April is a particularly sad month for all Rwandans everywhere and friends of Rwanda. We remember our loved ones, friends, colleagues, neighbors and other dear ones who lost their lives during the 1994 Genocide perpetrated against the Tutsis.
Every year, April 7th marks the first day of 100 days of commemoration of the 1994 Genocide against the Tutsis which is always guided by a national theme. This year’s theme is “Let’s remember the Genocide against the Tutsis by fighting against Genocide ideology”. As we commemorate the Genocide to honor the memories of the victims, Rwandans are herewith called upon to play an active role in fighting Genocide ideology.
Ethnicity and Genocide ideology
Genocide ideology can be simply defined as a collection of ideas promoting ethnic hatred and ethnic cleansing – elimination of a specific tribe or ethnic group from any given society. Thanks to the great scramble for Africa, almost every Sub Saharan Africa state consists of more than 5 tribes or ethnic groups. Sub-Saharan Africa states therefore have the unique challenge of making people of different tribes, ethnic or social backgrounds live together in peace and harmony. But for the Rwandan case I can not call them tribes or ethnic because all Rwandans have the same language, the same culture and they have lived side by side for centuries.
The problem however is not that these states consist of different tribes , ethnic or social groups but that we ourselves have acted as our own worst enemies by accentuating ethnic differences, leading to hatred. Instead of harnessing the differences to create a rich diverse society, we fight each other and deny ourselves the great benefits that would be achieved if we worked together for common good. Our differences make us unique, meaning that each group offers something that another group can benefit from. We may be different according to our backgrounds but before we belong to any , we are first of all human beings with intrinsic needs and desires that transcend tribes, social groups and ethnicity. To live in a peaceful state with adequate resources, for instance, is every human being’s desire regardless of any background.
Rwanda has experienced first- hand through the loss of more than one million lives, the ultimate cost of genocide ideology and has vowed never again to walk down that path. Commemoration is a time to remind ourselves of the cost of genocide ideology and to recommit ourselves to the fight against it. As we honor the loved ones we lost through commemoration, let us also honor them by fighting against the very ideas that led to the genocide that cost their lives.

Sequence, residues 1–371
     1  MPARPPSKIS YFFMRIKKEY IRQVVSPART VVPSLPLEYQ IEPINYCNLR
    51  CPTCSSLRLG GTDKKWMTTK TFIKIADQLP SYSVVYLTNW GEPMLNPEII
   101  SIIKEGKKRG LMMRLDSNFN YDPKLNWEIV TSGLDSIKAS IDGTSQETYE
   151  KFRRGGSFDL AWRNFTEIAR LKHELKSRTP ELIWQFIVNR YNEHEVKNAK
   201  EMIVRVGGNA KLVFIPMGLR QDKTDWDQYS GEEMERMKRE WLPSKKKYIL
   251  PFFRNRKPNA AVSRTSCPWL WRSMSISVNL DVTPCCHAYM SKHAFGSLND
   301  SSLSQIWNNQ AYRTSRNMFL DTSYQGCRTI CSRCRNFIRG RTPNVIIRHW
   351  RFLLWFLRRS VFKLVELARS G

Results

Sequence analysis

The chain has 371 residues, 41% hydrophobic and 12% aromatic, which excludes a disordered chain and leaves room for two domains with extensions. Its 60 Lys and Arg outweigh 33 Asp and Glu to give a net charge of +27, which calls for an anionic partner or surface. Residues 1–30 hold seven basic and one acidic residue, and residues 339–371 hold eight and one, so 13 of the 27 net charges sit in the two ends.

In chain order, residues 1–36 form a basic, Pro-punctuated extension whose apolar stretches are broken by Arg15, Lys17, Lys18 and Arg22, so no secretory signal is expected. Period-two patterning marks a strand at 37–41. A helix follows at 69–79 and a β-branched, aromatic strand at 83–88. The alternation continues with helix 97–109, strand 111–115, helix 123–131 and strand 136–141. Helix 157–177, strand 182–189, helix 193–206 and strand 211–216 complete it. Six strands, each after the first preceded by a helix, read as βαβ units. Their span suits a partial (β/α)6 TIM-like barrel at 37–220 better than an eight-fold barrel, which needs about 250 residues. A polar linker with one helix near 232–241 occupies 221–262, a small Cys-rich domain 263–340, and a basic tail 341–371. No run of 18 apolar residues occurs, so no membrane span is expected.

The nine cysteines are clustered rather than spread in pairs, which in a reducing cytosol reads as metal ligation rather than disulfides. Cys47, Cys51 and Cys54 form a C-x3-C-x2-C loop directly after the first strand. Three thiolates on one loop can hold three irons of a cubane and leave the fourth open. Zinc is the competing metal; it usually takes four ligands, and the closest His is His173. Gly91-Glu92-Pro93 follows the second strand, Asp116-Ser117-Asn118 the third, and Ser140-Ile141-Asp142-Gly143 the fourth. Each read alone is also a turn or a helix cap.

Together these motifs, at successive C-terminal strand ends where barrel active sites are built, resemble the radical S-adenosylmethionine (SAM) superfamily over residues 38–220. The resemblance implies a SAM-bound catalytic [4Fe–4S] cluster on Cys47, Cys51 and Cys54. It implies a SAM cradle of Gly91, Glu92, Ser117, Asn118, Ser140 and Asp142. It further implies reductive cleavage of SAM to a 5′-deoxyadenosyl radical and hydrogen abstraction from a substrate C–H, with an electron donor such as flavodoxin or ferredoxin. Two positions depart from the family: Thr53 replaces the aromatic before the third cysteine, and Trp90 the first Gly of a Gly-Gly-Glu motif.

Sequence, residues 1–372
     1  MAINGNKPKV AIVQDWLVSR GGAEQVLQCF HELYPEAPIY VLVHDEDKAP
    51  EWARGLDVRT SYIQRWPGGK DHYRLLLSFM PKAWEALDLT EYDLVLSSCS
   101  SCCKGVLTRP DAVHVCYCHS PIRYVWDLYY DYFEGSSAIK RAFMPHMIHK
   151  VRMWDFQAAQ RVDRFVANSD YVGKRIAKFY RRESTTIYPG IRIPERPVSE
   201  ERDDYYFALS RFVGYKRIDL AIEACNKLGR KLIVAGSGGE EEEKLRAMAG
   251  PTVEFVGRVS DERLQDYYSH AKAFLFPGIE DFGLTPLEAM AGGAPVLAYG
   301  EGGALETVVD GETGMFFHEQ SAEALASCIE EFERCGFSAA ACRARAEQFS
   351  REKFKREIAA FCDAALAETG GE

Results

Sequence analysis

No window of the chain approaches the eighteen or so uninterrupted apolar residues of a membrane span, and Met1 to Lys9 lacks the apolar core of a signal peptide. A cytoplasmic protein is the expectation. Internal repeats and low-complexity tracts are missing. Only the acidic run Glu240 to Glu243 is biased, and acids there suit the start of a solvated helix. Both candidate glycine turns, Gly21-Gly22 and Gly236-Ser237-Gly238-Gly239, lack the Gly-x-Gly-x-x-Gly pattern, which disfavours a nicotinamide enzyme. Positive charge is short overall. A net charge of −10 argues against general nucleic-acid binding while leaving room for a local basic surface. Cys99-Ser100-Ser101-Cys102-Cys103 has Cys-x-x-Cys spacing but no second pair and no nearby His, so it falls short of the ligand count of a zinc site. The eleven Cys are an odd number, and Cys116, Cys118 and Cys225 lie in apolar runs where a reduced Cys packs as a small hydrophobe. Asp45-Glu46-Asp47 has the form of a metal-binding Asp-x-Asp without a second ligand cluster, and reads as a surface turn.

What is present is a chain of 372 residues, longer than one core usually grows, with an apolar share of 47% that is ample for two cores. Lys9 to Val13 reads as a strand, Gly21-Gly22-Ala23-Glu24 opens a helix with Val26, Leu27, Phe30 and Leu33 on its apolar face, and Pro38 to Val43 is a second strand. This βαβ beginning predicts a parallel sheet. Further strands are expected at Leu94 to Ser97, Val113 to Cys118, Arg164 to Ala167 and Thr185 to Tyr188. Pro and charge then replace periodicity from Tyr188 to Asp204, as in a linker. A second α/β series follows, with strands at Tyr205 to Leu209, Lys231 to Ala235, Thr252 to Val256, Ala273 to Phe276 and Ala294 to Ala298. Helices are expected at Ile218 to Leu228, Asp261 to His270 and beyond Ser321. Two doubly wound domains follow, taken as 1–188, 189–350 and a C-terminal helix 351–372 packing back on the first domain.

There is no denying that we are different and that we will always be different – even decades and centuries from today. Having said this, it is in everyone’s best interest that we break down every wall and barrier that exists between different ethnic groups and instead build up walls of trust and partnership between different them. This is because we stand to gain more by working together than fighting against each other.
As we commemorate the 1994 Genocide perpetrated against the Tutsis this year, I urge my fellow Rwandans to take time to ponder about some of the things in our society that can be done to actually eliminate ideas fostering hatred and actively take part in them.
Looking to the future
Genocide ideology stands in the way of a bright and promising future for Rwanda and fighting against it ought to be in the interest of every Rwandan everywhere. We need to understand how genocide ideology starts. It first starts with an individual, later he or she spreads it to the peers, parents to their children and teachers preach it to pupils or students. Finally politicians incite masses. It is therefore our responsibility as Rwandans is to reflect on how we can break this cycle that would transmit the genocide ideology.
The future belongs to us all – no matter the background – and each one of us has the unique opportunity to secure it and to play a role in building it. Commemoration many times looks like a narrow focus on the past. In this case a past that is so dark and grim we wish to escape it. However, commemoration actually gives us an opportunity to revisit lessons learnt in ensuring that Rwanda never again experiences loss of lives resulting from hatred within our societies. By revisiting the past we are better able to create a vision of a country we aspire for. We are inspired to unite our country for the sake of the future generations.
The past we cannot alter; but the future, we have the freedom to craft and design as we see fit with inspiration from the past. We dare not forget the past, for if we do how then shall we know the distance we have traveled, the lessons we have learnt and the distance yet to be covered?